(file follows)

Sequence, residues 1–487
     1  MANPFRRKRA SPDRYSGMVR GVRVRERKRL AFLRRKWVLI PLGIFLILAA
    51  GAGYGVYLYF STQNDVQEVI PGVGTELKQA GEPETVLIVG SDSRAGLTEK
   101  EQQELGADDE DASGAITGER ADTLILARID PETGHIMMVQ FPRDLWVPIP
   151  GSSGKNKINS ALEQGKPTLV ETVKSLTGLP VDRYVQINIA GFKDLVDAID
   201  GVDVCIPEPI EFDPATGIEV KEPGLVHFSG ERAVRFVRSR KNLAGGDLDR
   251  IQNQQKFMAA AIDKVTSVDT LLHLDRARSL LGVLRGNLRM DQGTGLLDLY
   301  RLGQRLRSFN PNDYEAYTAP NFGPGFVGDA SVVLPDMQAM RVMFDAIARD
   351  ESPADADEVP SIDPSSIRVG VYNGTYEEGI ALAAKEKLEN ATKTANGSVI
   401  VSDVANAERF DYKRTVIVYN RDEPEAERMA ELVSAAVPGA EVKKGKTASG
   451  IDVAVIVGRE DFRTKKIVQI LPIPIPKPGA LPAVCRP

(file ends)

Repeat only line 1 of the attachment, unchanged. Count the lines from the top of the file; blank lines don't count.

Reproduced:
Sequence, residues 1–487